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4/1/2017 Pascal’s Law Pressure Exerted on a Confined Fluid is Transmitted Undiminished in All Directions and Acts With Equal Force on Equal Areas and at Right Angles to Them. --Hydraulics is a means of power transmission --Oil is the most commonly used medium because it serves as a lubricant and is practically non-compressible (it will compress approximately 1/2 of a 1 percent per 1000 PSI). --Weight of oil varies with viscosity, but averages between 55 to 55 lbs per cubic foot. (at 100 degrees F). NOTE: A cubic foot of oil is 1728 Cu.In (12x12x12). A gallon is 231 Cu.In., so a Cubic Foot of oil is equivalent to 7.48 Gallons. --A liquid is pushed, NOT DRAWN, into a pump. Atmospheric pressure equals 14.7 PSI at sea level. --Oil takes the course (path) of least resistance. FORMULAS; 1. H.P. = GPM x Pressure x or- H.P. = GPM x PSI / 1714 2. One H.P. = ft./lbs. per minute (33000 lbs raised 1 ft in 1 minute) One H.P. = 746 Watts, One H.P. = 42.4 BTU per minute 3. Required Area of a transmission line; Area = GPM x / velocity (ft./sec) -or- Velocity (ft./sec) = GPM / x Area Pascal’s Law, named after Blaise Pascal (French ) 22 Hydraulic Fundamentals

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**Application Principles**

4/1/2017 Application Principles 1 lb (.45kg) Force 1 sq in (.65cm2) Piston Area 10 lbs (4.5kg) 10 sq in (6.5cm2) Piston Area This slide illustrates one of the basic principles of hydraulics; LIQUIDS TRANSMIT APPLIED PRESSURE EQUALLY IN ALL DIRECTIONS. BUILDS: 1. When a one pound force is applied to this handle and the area of the piston is one square inch, with the confined fluid, what PSI pressure will be produced? Note that this pressure is exerted in every direction 2. With a 10 square in piston, how much weight will this system lift? This principle is what allows us to multiple our work efforts. With one lb of down pressure, we are able to lift 10 lbs. --Pressure is caused by a resistance to flow. In this case the 10 lb weight. Point out that resistance to flow is what causes pressure. In this example, if there were a 100 lb weight on the right side (in place of the 10 lb weight), how much pressure would be required to lift it. (10 PSI). 1 psi (6.9kpa) 23 Hydraulic Fundamentals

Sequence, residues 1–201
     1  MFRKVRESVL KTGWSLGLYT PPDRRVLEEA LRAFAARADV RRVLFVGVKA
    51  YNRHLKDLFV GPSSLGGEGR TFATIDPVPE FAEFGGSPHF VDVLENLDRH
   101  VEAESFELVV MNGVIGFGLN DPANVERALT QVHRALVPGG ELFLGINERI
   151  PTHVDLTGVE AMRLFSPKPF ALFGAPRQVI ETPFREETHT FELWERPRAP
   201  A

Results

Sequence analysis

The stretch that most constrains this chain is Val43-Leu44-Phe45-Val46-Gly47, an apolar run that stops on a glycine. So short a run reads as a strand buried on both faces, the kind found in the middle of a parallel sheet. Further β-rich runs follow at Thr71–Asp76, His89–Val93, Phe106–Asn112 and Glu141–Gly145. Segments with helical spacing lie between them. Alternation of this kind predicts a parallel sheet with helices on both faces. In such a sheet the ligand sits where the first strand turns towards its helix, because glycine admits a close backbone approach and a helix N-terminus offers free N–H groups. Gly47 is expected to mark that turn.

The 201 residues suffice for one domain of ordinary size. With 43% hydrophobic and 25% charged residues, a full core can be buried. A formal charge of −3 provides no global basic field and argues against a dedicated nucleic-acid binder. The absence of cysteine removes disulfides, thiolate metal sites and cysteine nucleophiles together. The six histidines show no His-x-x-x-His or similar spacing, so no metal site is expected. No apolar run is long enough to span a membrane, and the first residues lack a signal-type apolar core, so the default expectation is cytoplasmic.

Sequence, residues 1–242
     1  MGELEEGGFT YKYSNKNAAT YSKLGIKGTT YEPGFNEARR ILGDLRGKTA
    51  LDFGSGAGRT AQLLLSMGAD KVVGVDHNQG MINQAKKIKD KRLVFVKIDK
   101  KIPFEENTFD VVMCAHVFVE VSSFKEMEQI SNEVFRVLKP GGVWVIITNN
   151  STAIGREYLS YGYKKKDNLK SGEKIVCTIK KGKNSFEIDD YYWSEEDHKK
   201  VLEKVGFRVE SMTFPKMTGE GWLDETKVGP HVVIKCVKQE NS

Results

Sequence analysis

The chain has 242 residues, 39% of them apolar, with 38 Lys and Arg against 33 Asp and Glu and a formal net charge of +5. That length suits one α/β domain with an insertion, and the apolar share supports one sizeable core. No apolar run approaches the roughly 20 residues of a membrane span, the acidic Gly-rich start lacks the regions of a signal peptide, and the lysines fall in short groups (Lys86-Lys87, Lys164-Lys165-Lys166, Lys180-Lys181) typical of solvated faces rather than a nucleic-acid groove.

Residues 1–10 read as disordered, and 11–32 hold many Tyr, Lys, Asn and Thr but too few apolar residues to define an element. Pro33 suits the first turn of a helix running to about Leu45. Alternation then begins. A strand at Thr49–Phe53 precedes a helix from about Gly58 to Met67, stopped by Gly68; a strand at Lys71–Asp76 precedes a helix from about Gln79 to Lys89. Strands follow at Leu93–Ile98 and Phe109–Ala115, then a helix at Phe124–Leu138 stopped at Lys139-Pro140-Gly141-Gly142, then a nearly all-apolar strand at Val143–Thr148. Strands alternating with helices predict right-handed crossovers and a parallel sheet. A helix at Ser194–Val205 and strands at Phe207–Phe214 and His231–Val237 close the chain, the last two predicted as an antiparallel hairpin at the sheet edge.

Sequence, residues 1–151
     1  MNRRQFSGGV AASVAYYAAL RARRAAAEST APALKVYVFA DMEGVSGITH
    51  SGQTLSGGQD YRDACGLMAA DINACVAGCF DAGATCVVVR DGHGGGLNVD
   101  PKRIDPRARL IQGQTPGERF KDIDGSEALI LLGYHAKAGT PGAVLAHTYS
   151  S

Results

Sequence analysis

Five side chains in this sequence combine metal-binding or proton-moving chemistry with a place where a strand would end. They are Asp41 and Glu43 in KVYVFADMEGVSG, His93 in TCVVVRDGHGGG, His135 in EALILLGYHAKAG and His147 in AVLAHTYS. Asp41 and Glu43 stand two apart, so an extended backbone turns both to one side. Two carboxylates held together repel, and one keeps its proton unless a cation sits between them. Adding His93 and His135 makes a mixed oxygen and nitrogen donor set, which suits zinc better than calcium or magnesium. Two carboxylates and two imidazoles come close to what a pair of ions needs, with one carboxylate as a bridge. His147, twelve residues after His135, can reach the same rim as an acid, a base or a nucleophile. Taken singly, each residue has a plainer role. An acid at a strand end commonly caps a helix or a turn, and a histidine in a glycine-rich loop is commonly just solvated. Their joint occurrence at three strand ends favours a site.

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Hydraulic “lever”

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**Types of Hydraulic Systems**

Open Center Closed Center The control valve that regulates the flow from the pump determines if system is open or closed. Do not confuse Hydraulics with the “Closed Loop” of the Power Train. (Hydro)

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**Closed Center Hydraulics Open Center Flow in Neutral**

4/1/2017 Closed Center Hydraulics Open Center Flow in Neutral Trapped Oil Open Center Valve Hydraulic flow continually moves through the system because the hydraulic pump is constantly pumping fluid. The valve is open to return in neutral to allow the fluid to circulate back to the reservoir. Oil is drawn out of the reservoir because atmospheric pressure (14.7 psi) pushes it through the lines into the pump. 26 Hydraulic Fundamentals

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4/1/2017 Extend 27 Hydraulic Fundamentals

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4/1/2017 Retract 28 Hydraulic Fundamentals

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4/1/2017 Neutral Again 29 Hydraulic Fundamentals

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Pumps